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Large Maui Crowd Takes on Monsanto

Strength in numbers: anti-GMO march draws thousands on Valley Isle.

April 4, 2013
Susan Halas - Senior Contributing Writer ( , The Maui Weekly

The march to protest the agricultural practices of agribusiness giant Monsanto Corp. drew an estimated 1,500 to 2,000 activists to the street on Saturday, March 23. Roadside sign waving, long a favorite tool of candidates and labor unions here, got its own extreme makeover as the largest political gathering in recent memory paraded down Ka'ahumanu Avenue. Their purpose was to raise concerns about the company and its genetically modified products.

For Maui, this was something new: equal parts protest, street theater and Mardi Gras. It was big, colorful, creative, lively, cheerful, friendly and loud.

There were hundreds of large, bright, original, handmade signs; they were --without exception--highly critical of Monsanto, its presence on the Valley Isle and the genetically modified seed corn it is growing here.

Article Photos

Ahana Kapuni of Kaupō and Marta Sweeney from Upcountry were among the thousands who participated in the March 23 protest aimed at Monsanto and its genetically modified crops.
Photo: Susan Halas

The thousands who walked the 1.8-mile route from the War Memorial parking lot to Maui Mall, the site of a local health food market, was far larger than any turnout mustered roadside by traditional candidates and only matched by a few of the largest (but far less vocal) charity walks.

As the forward edge of "No-GMO" marchers approached the main entrance of the University of Hawai'i Maui College campus at Wakea Avenue, the back end of the procession was just turning the corner onto Ka'ahumanu Avenue at Kanaloa Street.

This was not a thin, scrawny, single-file line. Throngs of people jammed the sidewalk. There were clusters and clumps of participants carrying homemade signs of every description, waving banners, flags and shouting "Hell NO GMO" and "Evict Monsanto" as they marched.

Some of the signs were also critical of Kamehameha Schools, which leases agricultural land to the company.

The cries of the marchers were accompanied by a variety of drums, rattles, tambourines and other noisemakers. Passing cars honked back as passengers extended high fives, shakas and shouts in support.

As the tide of people rolled by, every possible species was represented, including examples from the animal, vegetable and possibly mineral kingdoms (or dressed in costumes of those realms). Whether dressed as an ear of corn or in denim for a casual weekend stroll, the marchers were joined by a large assortment of babies, dogs, strollers, wagons, bikes, wheelchairs and other rolling stock.

The protesters used many theatrical effects to make their point, including attention-getters like an inflated cow suit and a sarong-wrapped gentleman sporting a gas mask. Another marcher wore a hydra-headed snake hat symbolizing what he perceived as the multiple ill effects of Monsanto's presence. Keeping it local, they also carried coconuts, waved ti leaves and wore haku lei. Surfboards emblazoned with messages were carried overhead as walking billboards.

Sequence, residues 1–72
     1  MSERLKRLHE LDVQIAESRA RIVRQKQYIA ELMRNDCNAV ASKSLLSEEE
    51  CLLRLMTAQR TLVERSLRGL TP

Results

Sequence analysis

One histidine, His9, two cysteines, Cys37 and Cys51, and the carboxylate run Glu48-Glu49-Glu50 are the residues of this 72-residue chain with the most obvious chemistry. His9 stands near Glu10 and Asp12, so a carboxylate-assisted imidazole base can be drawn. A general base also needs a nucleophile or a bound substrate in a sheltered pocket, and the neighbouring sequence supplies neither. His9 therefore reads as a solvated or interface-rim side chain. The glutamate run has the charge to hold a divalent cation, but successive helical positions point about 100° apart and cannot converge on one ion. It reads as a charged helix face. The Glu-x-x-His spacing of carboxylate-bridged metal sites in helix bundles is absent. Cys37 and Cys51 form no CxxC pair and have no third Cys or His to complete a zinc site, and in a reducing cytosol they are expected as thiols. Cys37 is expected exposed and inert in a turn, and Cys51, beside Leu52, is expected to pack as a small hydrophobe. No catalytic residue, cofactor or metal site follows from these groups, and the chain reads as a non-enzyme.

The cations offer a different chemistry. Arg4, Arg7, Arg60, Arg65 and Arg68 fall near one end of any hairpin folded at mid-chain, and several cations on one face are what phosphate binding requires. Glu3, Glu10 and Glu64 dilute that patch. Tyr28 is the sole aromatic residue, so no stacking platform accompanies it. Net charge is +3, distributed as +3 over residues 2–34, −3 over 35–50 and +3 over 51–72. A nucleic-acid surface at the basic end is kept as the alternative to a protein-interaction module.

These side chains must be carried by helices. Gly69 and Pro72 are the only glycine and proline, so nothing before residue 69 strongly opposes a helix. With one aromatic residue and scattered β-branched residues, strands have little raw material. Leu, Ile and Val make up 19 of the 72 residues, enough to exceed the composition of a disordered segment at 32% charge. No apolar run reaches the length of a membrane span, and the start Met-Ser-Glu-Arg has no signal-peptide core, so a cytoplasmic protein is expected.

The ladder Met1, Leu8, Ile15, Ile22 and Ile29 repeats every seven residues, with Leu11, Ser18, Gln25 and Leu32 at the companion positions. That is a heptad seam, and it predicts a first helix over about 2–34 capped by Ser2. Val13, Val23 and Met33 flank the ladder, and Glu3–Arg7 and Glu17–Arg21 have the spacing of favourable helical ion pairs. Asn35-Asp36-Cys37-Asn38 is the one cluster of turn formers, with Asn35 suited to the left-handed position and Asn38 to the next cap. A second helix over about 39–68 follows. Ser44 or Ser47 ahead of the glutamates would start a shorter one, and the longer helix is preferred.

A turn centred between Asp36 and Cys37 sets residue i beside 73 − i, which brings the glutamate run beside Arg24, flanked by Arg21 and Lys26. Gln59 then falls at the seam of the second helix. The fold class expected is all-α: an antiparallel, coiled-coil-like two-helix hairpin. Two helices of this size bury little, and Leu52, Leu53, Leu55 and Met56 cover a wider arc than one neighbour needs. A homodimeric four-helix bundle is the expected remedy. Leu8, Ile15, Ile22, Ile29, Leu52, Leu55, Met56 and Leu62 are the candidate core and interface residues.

To frost the cake, it rained--not a deluge, but a nice, warm, steady, prolonged spring downpour that drenched everyone to the skin. As the weather improved, the line of marchers reeked of wet fur and human hair. The scent of certain popular aromatic herb also drifted through the air.

The marchers were there to make it clear there is strength in numbers. It would be hard to dismiss a group this size as a fringe element. It is unknown if they are also registered voters, but if they are--the next election should bring some new dialog to the political process.

The event was sponsored by the Hawai'i GMO Justice Coalition and a series of affiliated anti-GMO groups. It was one of an ongoing series held around the state during March. Similar events have already been held on O'ahu, Kaua'i, and Hawai'i Island. A Molokai march was scheduled for March 30.

Organized and widely touted on social media, the turnout also illustrated that the Internet has become the effective mobilization tool of choice here.

Conspicuous by their absence were local elected officials. State Sen. Roz Baker (D-West Maui, South Maui) was the object of a number of signs that objected to her refusal to hold hearings on related GMO food labeling legislation in the Hawai'i State Senate this year.

Freshman Maui state Rep. Kaniela Ing (D-South Maui) posted comments on Facebook calling GMO labeling "common sense and inevitable." Ing also said he was unable to get a ticket to return to Maui to participate in the event.

There were no visible Monsanto supporters present.

Asked for a reaction, Carol Reimann, Monsanto Hawai'i Government & Community Affairs representative on Maui, responded the next day in written comments, "We respect everyone's right to voice their opinion. Unfortunately, we've heard many misleading and factually incorrect statements made about genetically engineered foods. We realize the topic is complex, and that people have questions. We are committed to transparency and are happy to have an open, respectful dialogue with anyone genuinely interested in taking the time to learn more about who we are and what we do."



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